WASHINGTON — Against the backdrop of protests across the country over police shootings of unarmed Black people and racial disparities, some mayors and local officials are proposing ways to examine the impact of slavery and help atone for it, including reparations.
From Providence to Asheville, N.C., local officials have proposed measures to begin to address years of what they call injustices in their communities. The measures range from resolutions to support studying reparations to proposals funneling more funds into programs for Black communities.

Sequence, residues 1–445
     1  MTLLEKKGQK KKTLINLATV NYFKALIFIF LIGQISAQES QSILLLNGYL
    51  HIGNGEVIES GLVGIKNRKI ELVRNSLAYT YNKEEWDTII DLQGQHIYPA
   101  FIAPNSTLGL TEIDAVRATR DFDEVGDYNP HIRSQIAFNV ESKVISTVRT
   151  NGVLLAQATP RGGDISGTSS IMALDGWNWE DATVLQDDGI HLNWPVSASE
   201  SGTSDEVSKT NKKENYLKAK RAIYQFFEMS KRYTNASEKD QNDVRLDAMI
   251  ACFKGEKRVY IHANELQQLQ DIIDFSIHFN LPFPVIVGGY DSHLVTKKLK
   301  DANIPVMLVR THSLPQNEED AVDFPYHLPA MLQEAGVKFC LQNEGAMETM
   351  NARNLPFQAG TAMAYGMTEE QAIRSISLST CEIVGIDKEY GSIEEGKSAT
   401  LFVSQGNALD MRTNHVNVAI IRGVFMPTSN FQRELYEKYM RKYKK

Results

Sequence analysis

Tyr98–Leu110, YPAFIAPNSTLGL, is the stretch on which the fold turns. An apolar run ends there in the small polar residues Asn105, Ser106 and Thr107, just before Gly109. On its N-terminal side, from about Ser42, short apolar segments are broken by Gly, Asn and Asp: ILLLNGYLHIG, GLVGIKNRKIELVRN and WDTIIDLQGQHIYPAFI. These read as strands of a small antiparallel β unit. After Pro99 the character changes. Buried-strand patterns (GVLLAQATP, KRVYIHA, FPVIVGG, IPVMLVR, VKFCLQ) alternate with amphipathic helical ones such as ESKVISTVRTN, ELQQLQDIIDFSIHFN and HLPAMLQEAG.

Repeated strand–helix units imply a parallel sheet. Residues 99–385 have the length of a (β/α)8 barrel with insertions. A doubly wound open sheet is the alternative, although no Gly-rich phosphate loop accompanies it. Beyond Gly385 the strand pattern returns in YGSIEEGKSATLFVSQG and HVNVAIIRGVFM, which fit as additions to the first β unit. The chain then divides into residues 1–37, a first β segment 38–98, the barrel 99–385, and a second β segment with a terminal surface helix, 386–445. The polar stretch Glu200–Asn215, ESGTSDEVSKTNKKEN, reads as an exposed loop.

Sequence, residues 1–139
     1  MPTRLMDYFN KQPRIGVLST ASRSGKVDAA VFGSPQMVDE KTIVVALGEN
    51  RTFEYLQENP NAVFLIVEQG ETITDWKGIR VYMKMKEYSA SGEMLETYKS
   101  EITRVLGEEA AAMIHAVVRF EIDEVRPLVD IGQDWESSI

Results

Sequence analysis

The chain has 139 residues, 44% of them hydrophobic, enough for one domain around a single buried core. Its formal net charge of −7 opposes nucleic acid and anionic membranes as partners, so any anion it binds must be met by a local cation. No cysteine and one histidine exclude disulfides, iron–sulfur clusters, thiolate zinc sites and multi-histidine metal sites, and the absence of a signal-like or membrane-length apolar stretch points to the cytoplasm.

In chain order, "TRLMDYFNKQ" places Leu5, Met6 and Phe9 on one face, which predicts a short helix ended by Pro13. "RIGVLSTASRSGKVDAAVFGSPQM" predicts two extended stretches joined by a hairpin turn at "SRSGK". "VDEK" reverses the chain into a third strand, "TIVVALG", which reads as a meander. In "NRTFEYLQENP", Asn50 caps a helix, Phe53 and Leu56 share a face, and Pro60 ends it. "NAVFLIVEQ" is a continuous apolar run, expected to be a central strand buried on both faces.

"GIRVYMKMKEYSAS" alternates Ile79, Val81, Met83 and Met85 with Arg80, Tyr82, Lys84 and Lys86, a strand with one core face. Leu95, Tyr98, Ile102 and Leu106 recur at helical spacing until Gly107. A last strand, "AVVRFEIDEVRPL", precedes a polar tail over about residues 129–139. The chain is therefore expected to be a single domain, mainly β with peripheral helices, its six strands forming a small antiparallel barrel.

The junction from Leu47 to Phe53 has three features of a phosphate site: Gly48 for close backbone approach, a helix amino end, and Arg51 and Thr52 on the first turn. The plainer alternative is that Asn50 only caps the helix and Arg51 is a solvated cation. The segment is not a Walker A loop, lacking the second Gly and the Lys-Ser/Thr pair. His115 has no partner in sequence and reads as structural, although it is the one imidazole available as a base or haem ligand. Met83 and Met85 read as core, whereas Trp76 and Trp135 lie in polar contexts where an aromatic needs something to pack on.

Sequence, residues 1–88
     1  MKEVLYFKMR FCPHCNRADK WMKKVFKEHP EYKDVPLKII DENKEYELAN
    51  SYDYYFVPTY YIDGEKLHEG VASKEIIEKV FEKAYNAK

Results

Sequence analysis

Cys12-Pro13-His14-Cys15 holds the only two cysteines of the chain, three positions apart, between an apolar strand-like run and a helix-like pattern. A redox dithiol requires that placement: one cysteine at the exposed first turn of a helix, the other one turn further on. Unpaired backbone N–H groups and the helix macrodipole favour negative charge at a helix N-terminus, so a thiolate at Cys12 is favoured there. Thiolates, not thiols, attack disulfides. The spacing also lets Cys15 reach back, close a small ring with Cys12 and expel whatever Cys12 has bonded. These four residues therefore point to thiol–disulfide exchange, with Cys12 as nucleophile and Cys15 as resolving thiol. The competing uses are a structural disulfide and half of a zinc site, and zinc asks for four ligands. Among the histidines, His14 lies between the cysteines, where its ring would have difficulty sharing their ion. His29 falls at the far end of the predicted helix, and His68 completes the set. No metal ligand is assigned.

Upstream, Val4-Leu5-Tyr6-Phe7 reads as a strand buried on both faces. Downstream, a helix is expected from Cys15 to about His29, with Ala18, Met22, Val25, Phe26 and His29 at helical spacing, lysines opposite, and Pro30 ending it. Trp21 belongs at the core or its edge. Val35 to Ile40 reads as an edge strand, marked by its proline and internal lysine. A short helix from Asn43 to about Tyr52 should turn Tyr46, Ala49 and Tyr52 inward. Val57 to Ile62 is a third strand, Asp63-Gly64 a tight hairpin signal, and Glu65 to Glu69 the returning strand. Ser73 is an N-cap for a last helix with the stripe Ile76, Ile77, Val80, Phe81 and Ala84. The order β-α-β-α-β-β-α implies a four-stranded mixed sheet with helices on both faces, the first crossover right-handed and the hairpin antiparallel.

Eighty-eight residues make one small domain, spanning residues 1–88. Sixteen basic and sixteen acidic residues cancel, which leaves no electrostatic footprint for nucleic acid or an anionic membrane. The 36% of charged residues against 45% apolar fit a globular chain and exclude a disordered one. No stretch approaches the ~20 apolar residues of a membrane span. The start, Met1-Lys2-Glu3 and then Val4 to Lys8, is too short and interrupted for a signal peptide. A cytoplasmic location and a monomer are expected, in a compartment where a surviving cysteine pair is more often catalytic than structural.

“It’s always the right time to do the right thing,” said Providence Mayor Jorge Elorza, noting the social unrest sparked by the May death of George Floyd, a Black man in Minneapolis who died in police custody. “There is an appetite and an urgency to make the most of this moment and make sure there is real structural change that comes out of it.”
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